Clear, open and rapid communication of pertinent information from managers is vital to the well-being and safety of nurses in a fast-changing pandemic environment. “Nurses want reliable information about how to have a safe environment. Managers need to communicate the information quickly and transparently, and to share the realities. The leaders need to be present so nurses can ask questions and be reassured that it’s a safe environment for them and the patients. Nurses also need to have someone there to support them when a patient is dying,” says Lavoie-Tremblay.
A key gap in institutional support was the underuse of hospital counselling services which were available to all physicians and nurses. Although 88% of nurses and 77% of physicians for whom counselling services were available perceived that counselling was helpful, only 10% of those physicians and 13% of nurses used this resource.
Stigma and cultural resistance are likely factors in some physicians failing to seek or take advantage of psychological support services, even in a crisis. “There is still a culture where asking for help, or addressing wellness, is admitting a weakness. From a healthcare system point of view, we need to normalize discussions about wellness and physicians’ mental health. Make it acceptable for physicians to reach out and get support, and to find ways to support healthcare professionals before larger issues arise,” says research team member Dr. Farhan Bhanji, PGME’04, director of education for the SCISL, a pediatrician at the MUHC and a professor of pediatrics (critical care) in the Department of Pediatrics at McGill University.
Bhanji sees the ramped-up levels of stress, anxiety and burnout among physicians amid the pandemic as a wake-up call to address a longstanding issue that is harmful to both physicians and patients, and as an opportunity to focus on wellness as a priority in medical education and clinical practice.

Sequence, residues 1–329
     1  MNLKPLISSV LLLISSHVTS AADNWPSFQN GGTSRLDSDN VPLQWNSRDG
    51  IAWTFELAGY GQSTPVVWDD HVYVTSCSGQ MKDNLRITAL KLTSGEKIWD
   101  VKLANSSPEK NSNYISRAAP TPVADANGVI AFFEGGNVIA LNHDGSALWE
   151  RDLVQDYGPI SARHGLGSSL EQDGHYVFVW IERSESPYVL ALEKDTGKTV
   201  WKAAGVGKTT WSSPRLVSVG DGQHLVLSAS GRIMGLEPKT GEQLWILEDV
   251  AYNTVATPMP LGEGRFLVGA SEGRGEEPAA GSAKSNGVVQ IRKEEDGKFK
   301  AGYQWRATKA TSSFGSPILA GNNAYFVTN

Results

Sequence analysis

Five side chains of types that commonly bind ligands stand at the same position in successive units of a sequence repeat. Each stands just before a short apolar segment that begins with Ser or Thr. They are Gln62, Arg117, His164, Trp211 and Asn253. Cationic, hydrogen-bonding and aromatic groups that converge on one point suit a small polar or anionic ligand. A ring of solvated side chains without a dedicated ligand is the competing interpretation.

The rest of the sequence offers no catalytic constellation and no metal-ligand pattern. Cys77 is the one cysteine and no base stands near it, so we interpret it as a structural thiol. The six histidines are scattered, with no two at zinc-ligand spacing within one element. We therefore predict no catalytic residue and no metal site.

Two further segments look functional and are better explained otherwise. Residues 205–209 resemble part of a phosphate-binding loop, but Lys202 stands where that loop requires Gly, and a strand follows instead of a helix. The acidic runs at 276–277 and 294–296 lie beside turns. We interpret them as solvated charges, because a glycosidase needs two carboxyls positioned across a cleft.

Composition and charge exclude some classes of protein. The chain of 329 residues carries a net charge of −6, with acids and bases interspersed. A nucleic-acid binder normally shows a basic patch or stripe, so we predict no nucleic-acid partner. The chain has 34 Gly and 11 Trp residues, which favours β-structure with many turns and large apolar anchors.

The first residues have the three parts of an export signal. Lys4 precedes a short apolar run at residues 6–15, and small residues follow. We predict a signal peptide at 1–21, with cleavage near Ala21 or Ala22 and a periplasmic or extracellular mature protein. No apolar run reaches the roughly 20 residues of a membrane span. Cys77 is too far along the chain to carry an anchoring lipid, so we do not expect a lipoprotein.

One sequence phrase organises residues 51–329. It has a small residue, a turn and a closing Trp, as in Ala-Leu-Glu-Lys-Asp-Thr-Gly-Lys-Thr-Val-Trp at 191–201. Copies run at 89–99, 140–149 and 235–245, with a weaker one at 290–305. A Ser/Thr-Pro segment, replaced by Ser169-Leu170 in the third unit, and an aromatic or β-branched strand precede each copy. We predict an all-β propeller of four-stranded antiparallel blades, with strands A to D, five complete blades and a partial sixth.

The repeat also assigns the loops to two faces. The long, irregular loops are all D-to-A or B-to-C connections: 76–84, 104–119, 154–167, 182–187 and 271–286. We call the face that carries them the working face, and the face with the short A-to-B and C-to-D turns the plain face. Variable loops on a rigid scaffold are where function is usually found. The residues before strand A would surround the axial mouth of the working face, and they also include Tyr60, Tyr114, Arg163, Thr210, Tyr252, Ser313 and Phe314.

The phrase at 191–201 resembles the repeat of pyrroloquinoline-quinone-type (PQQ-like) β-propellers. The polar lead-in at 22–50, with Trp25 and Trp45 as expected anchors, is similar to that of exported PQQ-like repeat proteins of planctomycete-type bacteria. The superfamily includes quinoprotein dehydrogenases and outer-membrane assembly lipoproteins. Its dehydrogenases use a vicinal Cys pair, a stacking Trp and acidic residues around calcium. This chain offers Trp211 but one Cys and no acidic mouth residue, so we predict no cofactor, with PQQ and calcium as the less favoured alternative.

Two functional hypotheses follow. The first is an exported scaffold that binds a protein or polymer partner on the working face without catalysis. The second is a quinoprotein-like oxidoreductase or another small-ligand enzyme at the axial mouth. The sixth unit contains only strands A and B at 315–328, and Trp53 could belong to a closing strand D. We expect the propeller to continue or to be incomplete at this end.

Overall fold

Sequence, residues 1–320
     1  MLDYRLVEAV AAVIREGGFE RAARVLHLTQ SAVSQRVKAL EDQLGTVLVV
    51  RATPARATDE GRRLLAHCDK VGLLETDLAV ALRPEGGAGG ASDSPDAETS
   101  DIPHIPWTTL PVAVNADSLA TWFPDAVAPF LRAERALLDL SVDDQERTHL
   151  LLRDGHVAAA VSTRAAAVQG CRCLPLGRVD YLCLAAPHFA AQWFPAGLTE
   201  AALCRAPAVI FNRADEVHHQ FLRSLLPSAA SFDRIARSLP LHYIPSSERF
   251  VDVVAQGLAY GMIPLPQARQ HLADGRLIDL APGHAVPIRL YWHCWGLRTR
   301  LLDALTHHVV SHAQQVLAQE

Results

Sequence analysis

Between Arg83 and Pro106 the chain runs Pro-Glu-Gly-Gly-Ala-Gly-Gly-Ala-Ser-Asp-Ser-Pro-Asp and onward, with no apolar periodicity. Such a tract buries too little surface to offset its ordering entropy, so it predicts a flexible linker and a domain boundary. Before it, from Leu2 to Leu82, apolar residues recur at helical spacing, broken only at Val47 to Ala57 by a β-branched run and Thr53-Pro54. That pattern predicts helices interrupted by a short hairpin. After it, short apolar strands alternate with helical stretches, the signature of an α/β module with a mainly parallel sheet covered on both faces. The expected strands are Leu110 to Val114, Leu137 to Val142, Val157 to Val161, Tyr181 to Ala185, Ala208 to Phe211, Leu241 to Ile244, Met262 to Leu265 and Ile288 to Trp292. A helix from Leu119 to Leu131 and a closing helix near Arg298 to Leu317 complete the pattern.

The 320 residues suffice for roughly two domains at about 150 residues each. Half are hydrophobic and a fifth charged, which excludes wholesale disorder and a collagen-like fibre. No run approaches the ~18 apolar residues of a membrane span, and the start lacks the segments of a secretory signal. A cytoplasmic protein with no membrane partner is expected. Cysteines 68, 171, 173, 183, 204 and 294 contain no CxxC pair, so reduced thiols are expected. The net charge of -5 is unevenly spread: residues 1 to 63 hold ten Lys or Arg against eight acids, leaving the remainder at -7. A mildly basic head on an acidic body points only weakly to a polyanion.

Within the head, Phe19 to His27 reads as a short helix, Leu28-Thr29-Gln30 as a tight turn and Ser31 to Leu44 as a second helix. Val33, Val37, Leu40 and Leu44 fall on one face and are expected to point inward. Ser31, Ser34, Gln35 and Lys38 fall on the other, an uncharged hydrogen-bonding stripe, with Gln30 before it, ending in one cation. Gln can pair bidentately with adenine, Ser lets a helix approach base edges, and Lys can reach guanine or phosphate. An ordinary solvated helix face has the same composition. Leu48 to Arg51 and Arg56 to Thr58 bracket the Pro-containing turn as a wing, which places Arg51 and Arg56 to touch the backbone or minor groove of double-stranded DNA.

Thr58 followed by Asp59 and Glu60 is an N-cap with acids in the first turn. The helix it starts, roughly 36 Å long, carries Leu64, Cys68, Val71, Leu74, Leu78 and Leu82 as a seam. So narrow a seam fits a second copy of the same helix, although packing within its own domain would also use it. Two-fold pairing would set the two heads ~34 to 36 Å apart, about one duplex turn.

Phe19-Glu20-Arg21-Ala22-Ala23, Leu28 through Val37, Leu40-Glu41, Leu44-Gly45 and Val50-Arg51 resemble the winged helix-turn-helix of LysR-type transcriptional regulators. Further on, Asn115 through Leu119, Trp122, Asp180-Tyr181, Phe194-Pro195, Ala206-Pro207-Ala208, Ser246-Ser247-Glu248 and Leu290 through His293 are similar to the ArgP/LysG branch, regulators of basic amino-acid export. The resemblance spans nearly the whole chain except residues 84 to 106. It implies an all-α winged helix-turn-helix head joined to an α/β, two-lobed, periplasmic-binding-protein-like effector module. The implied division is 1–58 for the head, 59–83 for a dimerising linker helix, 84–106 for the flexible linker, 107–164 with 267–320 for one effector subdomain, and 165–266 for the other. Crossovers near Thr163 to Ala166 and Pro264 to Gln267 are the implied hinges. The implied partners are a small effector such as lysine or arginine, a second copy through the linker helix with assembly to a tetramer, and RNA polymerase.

“Healthcare professional wellness is a huge issue and it’s been amplified in the pandemic. The medical profession hasn’t done a good job of recognizing problems around wellness and needs to do better. This would allow us to take better care of ourselves and of our patients,” he says. “The public can help during the pandemic by following public health guidelines and limiting the burden on the healthcare team—both the added workload of caring for more critically ill patients and the emotional distress of caring for dying patients, which are preventable.”
Harley is encouraged that the MUHC has been advertising and increasing the number of services (interventions) available so that more healthcare professionals might use these resources. But the issues of stress and burnout among healthcare professionals are not likely to disappear soon, or after the pandemic ends.
Harley believes that training future physicians and nurses to cope with the inherent stresses of their work can help. “Simulation education has an important role to play in educating healthcare professionals about how to use adaptive coping strategies in different types of settings and how to assess your own psychological state so you can apply the strategies early and when you need them,” says Harley.
In the SAILS lab and as research director at SCSIL, Harley is developing, testing, and evaluating virtual simulation training tools to help medical and nursing students develop and enhance their emotional resiliency skills. “Simulation has an incredible power to elicit emotions. We are developing some training tools and education services for medical and nursing students at McGill so they can learn to cope with stressful situations, and how to regulate their own emotions and those of others on the team. Simulation training gives them an opportunity to go through high-stress scenarios, make some mistakes and learn these coping skills, without harming patients,” says Harley.
The members of the research team who conducted the study and produced the report include Jason Harley (pictured above, right), Tina Montreuil (pictured above, left), Nigel Mantou Lou, Liane Feldman, Gerald Fried, Farhan Bhanji, Mélanie Lavoie-Tremblay, Heather Kennedy, Pepa Kaneva and Susan Drouin. The full study results will be presented at the upcoming Canadian Conference on Medical Education to be held April 17-20. Read the report in French: https://www.mcgill.ca/sails-lab/files/sails-lab/white_paper_french_mi4_project_20201120.pdf